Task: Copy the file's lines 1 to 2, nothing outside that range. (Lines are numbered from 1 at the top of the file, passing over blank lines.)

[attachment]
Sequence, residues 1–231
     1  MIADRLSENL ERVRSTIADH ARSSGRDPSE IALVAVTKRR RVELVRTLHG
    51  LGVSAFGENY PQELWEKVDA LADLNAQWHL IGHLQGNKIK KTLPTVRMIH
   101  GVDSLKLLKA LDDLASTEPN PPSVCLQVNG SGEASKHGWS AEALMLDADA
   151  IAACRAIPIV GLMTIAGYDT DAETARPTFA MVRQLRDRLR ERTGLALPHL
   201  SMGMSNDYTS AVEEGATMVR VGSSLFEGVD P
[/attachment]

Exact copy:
Sequence, residues 1–231
     1  MIADRLSENL ERVRSTIADH ARSSGRDPSE IALVAVTKRR RVELVRTLHG